Shingwedzi, Kruger National Park

Heaven could definitely be a place on earth. It is called Shingwedzi.

Shingwedzi

Shingwedzi is our favourite rest camp in the Kruger National Park. Located in the far north of the Park, on the bank of the Shingwedzi river, it’s as far away from the hustle and bustle of the city as you could hope to get.

Shingwedzi Sunrise

Shingwedzi feels genuinely untouched by the passing of time. The exteriors of the huts built when the camp first opened in the 1930’s have remained largely unchanged, though the interiors have been modernized over the years, and the camping area is very, very spacious. Over the years additional accommodation units and facilities have been provided and these days the camp has a restaurant with a thatched veranda overlooking the river,  a medium-sized shop stocked with curios and basic commodities and a filling station, while the swimming pool offers welcome respite from the heat of Shingwedzi’s tropical summers. None of the additions however has detracted from Shingwedzi’s old-world charm.

Shingwedzi bungalows

Inside the camp, small animals and birds abound and have become quite accustomed to having people in close proximity, providing excellent photographic opportunities.

The Shingwedzi is a temperamental river; devoid of surface water for most of the dry season it can quickly swell to incredible dimensions after a deluge. We witnessed one such flash flood in January 2006; the pictures below were taken one day apart:

The low level causeway across the river outside Shingwedzi’s southern gate is a particularly beautiful spot to while away the last minutes just before the gates close in the evening, and there’s always some interesting birds and animals in the vicinity.

There are three excellent game-viewing drives to undertake from Shingwedzi. The first, to the south-west (road S52), follows both the southern and northern banks of the Shingwedzi river towards the Tshange viewpoint. The spectacular cliffs and pools at Red Rocks are well worth the short detour along the way.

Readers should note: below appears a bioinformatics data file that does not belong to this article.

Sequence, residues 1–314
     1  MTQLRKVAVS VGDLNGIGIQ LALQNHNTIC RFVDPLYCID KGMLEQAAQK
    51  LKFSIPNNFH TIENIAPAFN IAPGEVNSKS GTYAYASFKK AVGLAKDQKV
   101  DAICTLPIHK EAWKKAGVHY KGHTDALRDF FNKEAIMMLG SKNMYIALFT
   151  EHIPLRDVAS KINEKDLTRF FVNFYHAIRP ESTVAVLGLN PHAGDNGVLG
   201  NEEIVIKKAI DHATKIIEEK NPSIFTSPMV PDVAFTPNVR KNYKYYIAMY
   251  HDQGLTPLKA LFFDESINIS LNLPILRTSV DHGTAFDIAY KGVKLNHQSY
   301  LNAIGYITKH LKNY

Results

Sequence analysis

The second route (S56) follows the course of the Mphongolo river to the north, through beautiful riverine woodland, and ends at the Babalala picnic site.

Our favourite Kruger Park route of all (the S50) follows the Shingwedzi River in a south-easterly direction towards the Lebombo Mountains. Numerous little loops offer peaceful vantage points over the waters of the Kanniedood Dam and the hides at Nyawutsi and Kanniedood are enjoyable alternatives to driving around. Along this route we’ve often seen crocodiles using their bodies to herd schools of fish to the bank where they can then be picked off easily.

This is elephant country. Large breeding herds, bachelor groups and lone bulls can be expected along any of the drives that radiate from Shingwedzi, and not all of them are equally happy to share their living space with curious humans so are best appreciated from a safe distance. Over the years we’ve had the pleasure of encountering a number of elephant bulls carrying extraordinary ivory whilst staying at Shingwedzi.

Another reason why we like Shingwedzi so much is that you have a very good chance of getting good sightings of the rarer antelope species that occur in the Kruger National Park.

In the late afternoon one often find baboons and vervet monkeys lounging in and under the large trees on the river banks, getting ready for the dark of night ahead. Their antics can keep you entertained for hours.

In the far north of Kruger, Shingwedzi is your best bet at finding Africa’s mega predators, with hyena, leopard and lion being relatively plentiful and often found along any of the roads in the region. Taking part in one of the guided night drives on offer often results in good sightings of these sought-after animals.

And now that I’ve pondered over all the reasons Shingwedzi’s so close to our hearts, I still can come to only one conclusion.

It’s true: Shingwedzi is heaven on earth.

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19 thoughts on “Shingwedzi, Kruger National Park

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  16. killaval

    Some of my fondest memories of the kruger national park are of Shingwedzi. I love the remoteness of the cape and also the drive to the upper reaches of the park that dont have the same volume of tourists as the South Part,

    It seems to be the norm but great article and pics

    Like

    Reply

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